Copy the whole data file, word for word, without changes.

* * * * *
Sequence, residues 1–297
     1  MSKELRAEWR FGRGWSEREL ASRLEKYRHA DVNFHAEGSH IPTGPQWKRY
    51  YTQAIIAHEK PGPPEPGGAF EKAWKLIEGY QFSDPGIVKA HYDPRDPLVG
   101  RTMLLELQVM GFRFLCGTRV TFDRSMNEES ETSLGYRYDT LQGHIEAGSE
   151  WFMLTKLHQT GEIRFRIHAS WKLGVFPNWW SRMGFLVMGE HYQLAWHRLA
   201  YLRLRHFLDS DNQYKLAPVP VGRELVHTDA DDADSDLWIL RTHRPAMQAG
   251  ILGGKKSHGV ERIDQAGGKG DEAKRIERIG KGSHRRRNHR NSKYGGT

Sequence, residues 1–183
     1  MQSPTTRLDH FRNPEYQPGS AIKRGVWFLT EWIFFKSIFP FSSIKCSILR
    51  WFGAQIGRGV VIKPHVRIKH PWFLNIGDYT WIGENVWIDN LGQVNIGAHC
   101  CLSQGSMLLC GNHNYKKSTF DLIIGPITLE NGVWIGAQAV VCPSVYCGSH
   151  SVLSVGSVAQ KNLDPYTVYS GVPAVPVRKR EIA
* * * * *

Sequence, residues 1–297
     1  MSKELRAEWR FGRGWSEREL ASRLEKYRHA DVNFHAEGSH IPTGPQWKRY
    51  YTQAIIAHEK PGPPEPGGAF EKAWKLIEGY QFSDPGIVKA HYDPRDPLVG
   101  RTMLLELQVM GFRFLCGTRV TFDRSMNEES ETSLGYRYDT LQGHIEAGSE
   151  WFMLTKLHQT GEIRFRIHAS WKLGVFPNWW SRMGFLVMGE HYQLAWHRLA
   201  YLRLRHFLDS DNQYKLAPVP VGRELVHTDA DDADSDLWIL RTHRPAMQAG
   251  ILGGKKSHGV ERIDQAGGKG DEAKRIERIG KGSHRRRNHR NSKYGGT

Sequence, residues 1–183
     1  MQSPTTRLDH FRNPEYQPGS AIKRGVWFLT EWIFFKSIFP FSSIKCSILR
    51  WFGAQIGRGV VIKPHVRIKH PWFLNIGDYT WIGENVWIDN LGQVNIGAHC
   101  CLSQGSMLLC GNHNYKKSTF DLIIGPITLE NGVWIGAQAV VCPSVYCGSH
   151  SVLSVGSVAQ KNLDPYTVYS GVPAVPVRKR EIA